Classical experiments with amphibians revealed that bisected embryos develop into properly proportioned tadpoles and that transplantation of a small group of dorsal cells called "Spemann’s organizer" into the ventral side of an early embryo leads to the formation of a properly proportioned second axis. Thus, the morphogen activation gradients that drive patterning in the early embryo appear to scale with size. Two theoretical models (an inhibition-based model and the shuttling-based model) have been proposed to explain how the bone morphogenetic protein (BMP) activity gradient that drives axis formation is established. Ben-Zvi et al. provide evidence for the shuttling-based model, which previously had only experimental support in fly embryos, in frog (Xenopus laevis) embryos and suggest that the additional BMP ligand antidorsalizing morphogenic protein (ADMP), which is produced in the dorsal pole and which is not present in Drosophila, allows the Xenopus embryos to scale patterning with size. First, they created a mathematical model for the core patterning network containing the BMP ligands BMP (which represented BMP2, 4, and 7) and ADMP, the BMP antagonist chordin, and the protease Xlr, which degrades chordin. In this model, chordin and ADMP were produced at the dorsal pole, and BMP signaling repressed ADMP. Systematic screening for parameters that allowed the activation gradient of BMP to be robust and to scale with embryo size resulted in the identification of 21 networks that scaled properly out of the 26,000 possible networks. In each of the networks that scaled, the ligands were concentrated at the ventral pole, suggesting that activation gradients were generated by shuttling of the ligands from their site of production to the ventral pole and not simply by localized production of an inhibitor. Further, the models were consistent with experimentally proven properties of the core patterning components: Properly scaling networks required that chordin binds BMP with higher affinity than it binds ADMP, that binding of chordin facilitates diffusion of BMP ligands, and that chordin is degraded primarily when complexed with ligand. A shuttling model that relied solely on BMP and chordin was insufficient to provide scaling; however, the addition of ADMP with its BMP-mediated repression was sufficient. Experiments in which Xenopus embryos were injected with a tagged BMP4 with or without coinjection of morpholino oligonucleotides (MOs) against chordin showed that BMP4 only concentrated at the ventral pole in the presence of chordin. Axis inversion, which was also consistent with a shuttling mechanism, occurred when chordin was depleted from the organizer at the dorsal side with MOs and a second organizer was induced on the ventral side. Induction of a second organizer on the ventral side in conjunction with MOs for ADMP resulted in the expression of a ventrally expressed gene between the original dorsal organizer and the ventral organizer, which is also consistent with shuttling of BMP ligands. Thus, as in fly embryos, vertebrates also appear to use a shuttling mechanism for robust patterning that scales with embryo size.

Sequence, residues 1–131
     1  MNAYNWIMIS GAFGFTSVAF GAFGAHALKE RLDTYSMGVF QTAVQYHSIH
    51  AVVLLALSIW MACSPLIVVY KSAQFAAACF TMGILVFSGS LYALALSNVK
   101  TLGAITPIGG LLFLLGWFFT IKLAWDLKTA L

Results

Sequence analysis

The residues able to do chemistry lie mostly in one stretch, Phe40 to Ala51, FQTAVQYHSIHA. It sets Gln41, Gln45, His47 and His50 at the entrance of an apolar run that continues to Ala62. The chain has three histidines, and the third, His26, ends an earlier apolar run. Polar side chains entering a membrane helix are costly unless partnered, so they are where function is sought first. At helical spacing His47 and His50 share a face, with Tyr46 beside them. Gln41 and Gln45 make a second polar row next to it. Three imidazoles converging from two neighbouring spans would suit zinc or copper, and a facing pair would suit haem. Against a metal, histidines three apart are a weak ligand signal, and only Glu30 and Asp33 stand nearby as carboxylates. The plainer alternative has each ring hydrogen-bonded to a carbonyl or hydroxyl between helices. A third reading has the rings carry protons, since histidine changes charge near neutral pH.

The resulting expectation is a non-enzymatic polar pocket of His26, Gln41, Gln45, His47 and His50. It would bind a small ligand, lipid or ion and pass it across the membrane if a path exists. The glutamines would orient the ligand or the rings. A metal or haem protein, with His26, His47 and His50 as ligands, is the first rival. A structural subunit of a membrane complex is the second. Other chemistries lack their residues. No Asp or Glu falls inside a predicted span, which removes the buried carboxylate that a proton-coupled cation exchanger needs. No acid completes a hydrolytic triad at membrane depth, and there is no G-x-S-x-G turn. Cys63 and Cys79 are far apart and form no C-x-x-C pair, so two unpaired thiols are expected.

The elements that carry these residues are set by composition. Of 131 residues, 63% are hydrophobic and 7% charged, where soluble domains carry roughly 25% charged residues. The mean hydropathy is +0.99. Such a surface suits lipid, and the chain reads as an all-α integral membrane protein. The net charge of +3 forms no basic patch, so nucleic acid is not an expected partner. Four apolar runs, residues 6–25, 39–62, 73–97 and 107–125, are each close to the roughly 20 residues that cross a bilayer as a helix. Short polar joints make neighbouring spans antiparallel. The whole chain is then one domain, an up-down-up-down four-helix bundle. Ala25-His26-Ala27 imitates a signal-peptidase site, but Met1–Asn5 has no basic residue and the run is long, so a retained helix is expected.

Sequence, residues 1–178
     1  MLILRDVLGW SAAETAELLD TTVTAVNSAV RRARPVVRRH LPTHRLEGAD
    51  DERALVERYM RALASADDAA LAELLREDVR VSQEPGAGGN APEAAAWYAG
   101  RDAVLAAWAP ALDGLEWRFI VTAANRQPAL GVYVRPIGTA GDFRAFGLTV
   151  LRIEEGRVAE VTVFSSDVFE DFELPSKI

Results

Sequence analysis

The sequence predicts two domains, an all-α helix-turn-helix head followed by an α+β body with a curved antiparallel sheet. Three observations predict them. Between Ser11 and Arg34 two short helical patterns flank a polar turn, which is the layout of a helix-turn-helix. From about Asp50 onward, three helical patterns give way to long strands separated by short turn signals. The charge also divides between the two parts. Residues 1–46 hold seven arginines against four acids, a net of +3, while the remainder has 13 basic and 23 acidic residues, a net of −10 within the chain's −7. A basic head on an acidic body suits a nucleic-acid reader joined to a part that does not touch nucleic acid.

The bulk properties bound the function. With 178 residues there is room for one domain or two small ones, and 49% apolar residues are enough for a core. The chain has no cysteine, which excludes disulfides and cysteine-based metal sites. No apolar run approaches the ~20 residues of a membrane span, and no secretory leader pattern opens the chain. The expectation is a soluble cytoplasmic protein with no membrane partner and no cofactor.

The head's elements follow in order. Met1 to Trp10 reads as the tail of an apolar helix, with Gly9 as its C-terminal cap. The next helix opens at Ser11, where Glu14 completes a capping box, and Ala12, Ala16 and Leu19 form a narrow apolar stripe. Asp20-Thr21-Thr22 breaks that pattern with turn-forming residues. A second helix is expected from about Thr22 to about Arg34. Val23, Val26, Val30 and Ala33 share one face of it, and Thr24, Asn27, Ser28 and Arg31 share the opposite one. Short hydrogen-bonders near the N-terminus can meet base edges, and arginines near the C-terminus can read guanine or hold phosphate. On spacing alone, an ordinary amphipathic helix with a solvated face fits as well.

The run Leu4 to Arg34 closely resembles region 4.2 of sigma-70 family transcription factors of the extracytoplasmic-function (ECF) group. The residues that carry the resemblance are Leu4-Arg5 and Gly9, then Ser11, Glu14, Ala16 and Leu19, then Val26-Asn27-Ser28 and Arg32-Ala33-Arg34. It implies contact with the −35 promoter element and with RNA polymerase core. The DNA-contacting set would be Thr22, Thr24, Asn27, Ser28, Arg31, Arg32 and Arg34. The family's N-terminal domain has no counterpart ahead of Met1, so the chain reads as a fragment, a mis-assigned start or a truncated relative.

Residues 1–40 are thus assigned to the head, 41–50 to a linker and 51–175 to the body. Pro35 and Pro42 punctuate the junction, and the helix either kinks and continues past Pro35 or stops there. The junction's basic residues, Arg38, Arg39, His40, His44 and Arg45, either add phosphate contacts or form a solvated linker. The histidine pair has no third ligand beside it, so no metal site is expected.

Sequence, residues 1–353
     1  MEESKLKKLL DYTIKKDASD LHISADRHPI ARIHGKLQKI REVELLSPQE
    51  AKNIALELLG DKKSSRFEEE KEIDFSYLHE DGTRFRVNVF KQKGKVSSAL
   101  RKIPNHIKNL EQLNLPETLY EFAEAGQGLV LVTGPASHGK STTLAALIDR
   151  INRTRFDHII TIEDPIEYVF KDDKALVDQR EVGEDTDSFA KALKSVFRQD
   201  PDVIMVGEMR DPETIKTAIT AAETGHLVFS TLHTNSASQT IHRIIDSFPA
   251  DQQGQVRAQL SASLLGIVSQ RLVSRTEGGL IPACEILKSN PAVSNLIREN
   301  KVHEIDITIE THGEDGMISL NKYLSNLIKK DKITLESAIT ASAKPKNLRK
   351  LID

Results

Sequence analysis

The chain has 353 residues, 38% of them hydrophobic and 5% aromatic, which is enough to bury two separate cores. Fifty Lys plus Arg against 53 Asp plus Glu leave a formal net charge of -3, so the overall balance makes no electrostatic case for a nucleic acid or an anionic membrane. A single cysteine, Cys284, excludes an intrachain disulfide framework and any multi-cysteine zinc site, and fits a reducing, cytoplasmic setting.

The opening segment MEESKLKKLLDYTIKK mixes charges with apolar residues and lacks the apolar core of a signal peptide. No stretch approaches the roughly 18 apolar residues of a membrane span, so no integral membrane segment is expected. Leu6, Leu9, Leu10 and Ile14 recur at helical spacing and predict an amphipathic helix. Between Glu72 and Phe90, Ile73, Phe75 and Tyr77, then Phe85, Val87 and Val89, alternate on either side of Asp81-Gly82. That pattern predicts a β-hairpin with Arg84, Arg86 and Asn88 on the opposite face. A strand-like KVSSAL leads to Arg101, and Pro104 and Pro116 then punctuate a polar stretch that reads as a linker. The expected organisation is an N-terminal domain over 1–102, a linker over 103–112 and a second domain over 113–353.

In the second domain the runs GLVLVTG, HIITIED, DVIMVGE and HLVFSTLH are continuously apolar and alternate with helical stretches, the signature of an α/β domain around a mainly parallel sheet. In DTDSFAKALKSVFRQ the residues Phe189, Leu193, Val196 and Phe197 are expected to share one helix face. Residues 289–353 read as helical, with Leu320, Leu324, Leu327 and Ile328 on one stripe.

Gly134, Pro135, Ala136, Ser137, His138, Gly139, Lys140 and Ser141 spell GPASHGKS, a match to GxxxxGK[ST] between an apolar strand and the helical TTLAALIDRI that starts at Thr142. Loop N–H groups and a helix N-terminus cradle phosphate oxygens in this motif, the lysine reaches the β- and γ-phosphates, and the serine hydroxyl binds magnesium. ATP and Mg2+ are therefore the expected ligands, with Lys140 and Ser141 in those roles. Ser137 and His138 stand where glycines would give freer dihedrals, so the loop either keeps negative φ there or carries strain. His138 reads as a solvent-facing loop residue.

D. Ben-Zvi, B.-Z. Shilo, A. Fainsod, N. Barkai, Scaling of the BMP activation gradient in Xenopus embryos. Nature 453, 1205-1211 (2008). [PubMed]